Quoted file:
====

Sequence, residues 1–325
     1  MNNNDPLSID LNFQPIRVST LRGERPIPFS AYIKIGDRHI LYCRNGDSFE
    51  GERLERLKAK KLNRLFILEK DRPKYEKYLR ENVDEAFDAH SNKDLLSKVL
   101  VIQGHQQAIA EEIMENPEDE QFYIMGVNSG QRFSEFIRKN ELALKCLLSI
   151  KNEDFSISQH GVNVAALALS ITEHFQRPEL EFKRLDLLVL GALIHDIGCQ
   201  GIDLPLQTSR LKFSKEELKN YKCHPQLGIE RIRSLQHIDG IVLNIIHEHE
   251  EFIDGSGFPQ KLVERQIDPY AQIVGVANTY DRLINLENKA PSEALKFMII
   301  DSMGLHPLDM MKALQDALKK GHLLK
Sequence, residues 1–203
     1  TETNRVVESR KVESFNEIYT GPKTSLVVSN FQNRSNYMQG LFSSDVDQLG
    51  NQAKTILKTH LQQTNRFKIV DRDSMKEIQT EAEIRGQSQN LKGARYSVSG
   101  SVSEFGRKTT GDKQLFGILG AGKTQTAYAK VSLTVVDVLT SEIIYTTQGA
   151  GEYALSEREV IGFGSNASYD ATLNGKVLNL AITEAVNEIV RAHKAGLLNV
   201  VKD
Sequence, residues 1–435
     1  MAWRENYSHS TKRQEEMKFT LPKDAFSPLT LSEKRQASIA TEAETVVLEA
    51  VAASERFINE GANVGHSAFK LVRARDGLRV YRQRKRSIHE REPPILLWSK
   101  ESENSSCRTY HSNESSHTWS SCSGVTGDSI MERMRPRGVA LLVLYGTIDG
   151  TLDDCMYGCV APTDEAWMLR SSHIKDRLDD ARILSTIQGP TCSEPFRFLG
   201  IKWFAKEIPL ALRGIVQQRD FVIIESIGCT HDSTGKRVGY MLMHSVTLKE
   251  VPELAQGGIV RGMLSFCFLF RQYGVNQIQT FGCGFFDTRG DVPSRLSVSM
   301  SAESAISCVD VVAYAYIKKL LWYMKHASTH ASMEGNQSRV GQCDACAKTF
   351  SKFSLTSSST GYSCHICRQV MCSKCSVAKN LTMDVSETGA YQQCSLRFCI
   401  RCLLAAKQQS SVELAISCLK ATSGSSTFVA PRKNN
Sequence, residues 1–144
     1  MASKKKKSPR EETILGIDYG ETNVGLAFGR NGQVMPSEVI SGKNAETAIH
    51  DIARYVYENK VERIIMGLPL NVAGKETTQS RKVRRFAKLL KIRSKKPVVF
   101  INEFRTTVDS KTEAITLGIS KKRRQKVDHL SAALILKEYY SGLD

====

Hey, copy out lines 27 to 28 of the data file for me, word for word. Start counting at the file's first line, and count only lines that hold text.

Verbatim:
    51  DIARYVYENK VERIIMGLPL NVAGKETTQS RKVRRFAKLL KIRSKKPVVF
   101  INEFRTTVDS KTEAITLGIS KKRRQKVDHL SAALILKEYY SGLD